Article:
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Straw Applique

Depending on the straw artist you talk to, they might describe their style of straw work as straw mosaic, applique, marquetry,  encrusted applique,  onlaid, and other descriptions.  The fact is they are all technically straw applique.

According to the dictionary, the definition of appliqué is  “to decorate by cutting pieces of one material and applying them to the surface of another”.

This method of affixing pieces of straw to a surface in a decorative manner, is a technique that has been used world-wide for centuries.  Of course The Straw Shop has the materials you need, whether rye straw or wheat straw or ready ironed premium wheat found only at The Straw Shop.

Not one country, culture, or people can truly call straw applique  their own as seen below.   The diversity found in straw applique is what makes it such an exciting medium.

The following video from New Mexico straw artist Della Vigil explains very simply the method of straw applique.


However there was one American specifically accredited to reviving straw applique art in the United States.

He was already recognized as a painter during the Great Depression of  the 1930s. He had the rare oppportunity to receive funding under  the Works Progress Admininistration Federal Arts Project (1935-1943).  This Federal program was established to employ most of  the musicians, artists, writers, actors and directors in large  projects until the economy recovered from The Great Depression.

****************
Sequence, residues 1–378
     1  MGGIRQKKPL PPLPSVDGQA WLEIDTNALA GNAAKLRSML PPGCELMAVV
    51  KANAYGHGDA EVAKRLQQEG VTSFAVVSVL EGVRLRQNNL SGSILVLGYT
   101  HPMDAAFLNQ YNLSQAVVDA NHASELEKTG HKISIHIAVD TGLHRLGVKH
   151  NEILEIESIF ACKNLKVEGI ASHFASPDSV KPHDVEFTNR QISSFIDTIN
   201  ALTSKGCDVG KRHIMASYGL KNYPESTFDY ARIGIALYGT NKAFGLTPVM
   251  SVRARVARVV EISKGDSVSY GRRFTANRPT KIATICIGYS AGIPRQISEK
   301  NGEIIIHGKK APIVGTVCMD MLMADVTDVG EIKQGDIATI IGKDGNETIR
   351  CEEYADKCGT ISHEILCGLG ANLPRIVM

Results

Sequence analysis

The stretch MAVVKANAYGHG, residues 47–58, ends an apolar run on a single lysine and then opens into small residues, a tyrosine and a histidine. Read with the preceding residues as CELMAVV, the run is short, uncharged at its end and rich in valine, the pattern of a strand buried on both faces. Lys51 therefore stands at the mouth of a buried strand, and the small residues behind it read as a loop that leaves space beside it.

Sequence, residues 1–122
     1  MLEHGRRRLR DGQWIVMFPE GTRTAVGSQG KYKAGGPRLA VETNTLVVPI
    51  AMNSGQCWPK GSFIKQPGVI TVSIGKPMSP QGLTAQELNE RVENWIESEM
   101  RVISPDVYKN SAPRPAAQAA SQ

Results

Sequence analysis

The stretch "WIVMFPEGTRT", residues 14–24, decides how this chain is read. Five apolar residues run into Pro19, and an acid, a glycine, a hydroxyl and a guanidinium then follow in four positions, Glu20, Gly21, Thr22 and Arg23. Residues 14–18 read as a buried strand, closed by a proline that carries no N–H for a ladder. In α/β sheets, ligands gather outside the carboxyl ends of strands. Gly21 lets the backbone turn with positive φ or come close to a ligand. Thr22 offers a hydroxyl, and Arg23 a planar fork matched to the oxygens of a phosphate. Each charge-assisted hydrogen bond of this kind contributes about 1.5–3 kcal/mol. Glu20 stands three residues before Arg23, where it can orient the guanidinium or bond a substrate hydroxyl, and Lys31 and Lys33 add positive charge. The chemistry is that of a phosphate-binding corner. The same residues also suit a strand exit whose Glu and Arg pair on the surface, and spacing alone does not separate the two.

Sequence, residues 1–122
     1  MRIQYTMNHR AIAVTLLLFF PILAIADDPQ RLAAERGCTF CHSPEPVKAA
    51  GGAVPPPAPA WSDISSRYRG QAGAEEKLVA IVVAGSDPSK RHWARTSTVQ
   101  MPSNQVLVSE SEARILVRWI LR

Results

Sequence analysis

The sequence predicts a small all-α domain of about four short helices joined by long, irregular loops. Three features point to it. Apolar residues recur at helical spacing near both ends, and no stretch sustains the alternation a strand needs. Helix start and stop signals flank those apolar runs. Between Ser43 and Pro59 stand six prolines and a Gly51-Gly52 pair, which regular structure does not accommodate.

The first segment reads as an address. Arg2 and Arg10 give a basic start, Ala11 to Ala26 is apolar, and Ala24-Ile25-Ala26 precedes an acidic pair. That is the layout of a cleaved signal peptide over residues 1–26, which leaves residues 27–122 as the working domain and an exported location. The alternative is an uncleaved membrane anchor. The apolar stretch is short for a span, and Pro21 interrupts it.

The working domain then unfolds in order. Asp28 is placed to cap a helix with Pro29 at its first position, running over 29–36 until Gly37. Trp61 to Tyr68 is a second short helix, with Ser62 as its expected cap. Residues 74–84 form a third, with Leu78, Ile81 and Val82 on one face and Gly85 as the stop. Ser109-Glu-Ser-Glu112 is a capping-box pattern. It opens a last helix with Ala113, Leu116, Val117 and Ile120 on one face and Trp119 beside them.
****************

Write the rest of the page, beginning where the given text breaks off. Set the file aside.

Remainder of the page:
Life long artist Eliseo Rodriguez was approached by the director of the program  with a proposal that would change his artistic focus and ultimately define his art for the rest of his life. He was asked to resurrect the Hispanic art form from the 18th and 19th centuries called “straw appliqué ”  (a then disappearing colonial art form in northern New Mexico).  

Within a mere 20 years, Eliseo and then his wife Paula were the sole recognized straw applique artists in The United States. During the years, both Eliseo and Paula taught straw applique to family members and friends. Many of which continue this tradition today.

It was not until the 1970s  that Eliseo was ecouraged to enter his straw applique pieces in the Spanish Art Market.  This art style still flourishes in the United States thanks to Eliseo Rodriguez and his wife Paula.  National Endowment of the Arts recipients for their lifetime achivements, awarded in 2004.



Eliseo Rodriguez     (1915-2009)


Paula Rodriguez      (1919-2008)